Purpose: This population-based case-control study examined occupational exposure to electromagnetic fields in relation to female breast cancer incidence among 843 breast cancer cases and 773 controls.
Methods: Exposure was classified based on work in the two longest-held jobs, and indices of cumulative exposure to magnetic fields based on a measurement survey.
Results: Female breast cancer was not associated with employment as an office or industrial worker. For the total study population, cumulative exposure over the entire career, and in the past 0-10 and 10-20 years generally showed odds ratios (ORs) close to the null. Moderately elevated risks were found for intermediate but not high levels of cumulative exposure accumulated 20 or more years ago (OR = 1.5; 95% CI = 1.1-2.0). Associations were stronger for premenopausal women (OR = 1.7; 95% CI = 1.1-2.7) in the past 10-20 years, and those with estrogen-receptor positive (ER+) breast tumors (OR = 2.06; 95% CI = 1.1-4.0). No consistent dose-response patterns were observed.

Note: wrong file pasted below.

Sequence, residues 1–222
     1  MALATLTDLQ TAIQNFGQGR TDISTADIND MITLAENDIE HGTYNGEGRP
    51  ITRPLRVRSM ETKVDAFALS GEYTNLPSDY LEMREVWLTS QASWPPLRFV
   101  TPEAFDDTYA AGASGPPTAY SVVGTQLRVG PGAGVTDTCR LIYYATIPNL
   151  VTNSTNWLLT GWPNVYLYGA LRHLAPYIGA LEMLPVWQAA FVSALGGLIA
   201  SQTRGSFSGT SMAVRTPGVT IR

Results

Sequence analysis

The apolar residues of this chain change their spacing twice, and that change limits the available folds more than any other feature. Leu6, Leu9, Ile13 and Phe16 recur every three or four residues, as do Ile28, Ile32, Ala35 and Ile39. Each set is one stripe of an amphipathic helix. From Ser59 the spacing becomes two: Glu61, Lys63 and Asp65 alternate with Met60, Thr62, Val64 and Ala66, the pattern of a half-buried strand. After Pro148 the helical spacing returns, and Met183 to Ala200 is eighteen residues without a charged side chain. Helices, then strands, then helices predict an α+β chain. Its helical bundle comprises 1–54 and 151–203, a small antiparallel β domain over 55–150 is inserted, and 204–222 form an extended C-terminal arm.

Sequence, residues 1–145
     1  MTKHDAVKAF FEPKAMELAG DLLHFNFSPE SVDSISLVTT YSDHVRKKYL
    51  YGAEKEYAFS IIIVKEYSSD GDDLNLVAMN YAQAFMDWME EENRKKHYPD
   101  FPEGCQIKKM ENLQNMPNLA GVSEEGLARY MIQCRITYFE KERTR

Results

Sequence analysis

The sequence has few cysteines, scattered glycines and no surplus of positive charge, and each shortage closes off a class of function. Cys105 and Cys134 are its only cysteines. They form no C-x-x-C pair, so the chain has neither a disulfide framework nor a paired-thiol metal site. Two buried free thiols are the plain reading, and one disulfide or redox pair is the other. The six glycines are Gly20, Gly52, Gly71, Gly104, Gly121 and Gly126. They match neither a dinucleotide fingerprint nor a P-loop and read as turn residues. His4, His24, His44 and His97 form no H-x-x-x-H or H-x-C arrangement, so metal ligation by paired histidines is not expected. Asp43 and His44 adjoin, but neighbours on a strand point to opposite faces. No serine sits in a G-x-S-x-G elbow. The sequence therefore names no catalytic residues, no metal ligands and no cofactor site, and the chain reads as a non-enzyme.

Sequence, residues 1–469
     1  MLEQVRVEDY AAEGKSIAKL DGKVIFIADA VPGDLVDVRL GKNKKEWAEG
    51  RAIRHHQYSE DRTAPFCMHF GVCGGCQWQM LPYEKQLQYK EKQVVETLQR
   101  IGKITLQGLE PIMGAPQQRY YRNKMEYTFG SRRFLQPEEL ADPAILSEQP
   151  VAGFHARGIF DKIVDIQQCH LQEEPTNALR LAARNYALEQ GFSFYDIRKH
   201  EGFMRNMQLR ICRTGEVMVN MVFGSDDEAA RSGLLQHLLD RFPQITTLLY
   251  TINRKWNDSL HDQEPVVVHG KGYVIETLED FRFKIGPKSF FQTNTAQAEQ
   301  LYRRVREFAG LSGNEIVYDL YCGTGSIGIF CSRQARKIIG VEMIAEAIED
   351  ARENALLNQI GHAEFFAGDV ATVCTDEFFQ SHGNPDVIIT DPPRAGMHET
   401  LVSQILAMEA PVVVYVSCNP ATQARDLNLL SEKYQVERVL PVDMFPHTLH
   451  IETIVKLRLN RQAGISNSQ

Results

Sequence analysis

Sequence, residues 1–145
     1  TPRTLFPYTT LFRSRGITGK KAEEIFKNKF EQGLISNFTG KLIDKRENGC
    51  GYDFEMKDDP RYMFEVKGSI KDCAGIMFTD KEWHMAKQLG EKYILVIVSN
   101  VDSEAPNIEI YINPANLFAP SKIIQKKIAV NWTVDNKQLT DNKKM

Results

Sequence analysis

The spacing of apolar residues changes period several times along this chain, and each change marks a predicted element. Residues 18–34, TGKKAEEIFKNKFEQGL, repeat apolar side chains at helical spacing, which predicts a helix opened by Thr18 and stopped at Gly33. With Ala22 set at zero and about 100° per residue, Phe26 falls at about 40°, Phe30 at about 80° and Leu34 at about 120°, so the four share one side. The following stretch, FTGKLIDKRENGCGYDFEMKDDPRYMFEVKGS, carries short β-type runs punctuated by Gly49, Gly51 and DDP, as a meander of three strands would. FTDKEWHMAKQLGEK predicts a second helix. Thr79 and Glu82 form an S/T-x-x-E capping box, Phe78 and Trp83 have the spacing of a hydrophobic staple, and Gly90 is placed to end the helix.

Conclusions: These findings give little support to the hypothesis that electromagnetic fields cause cancer of the female breast.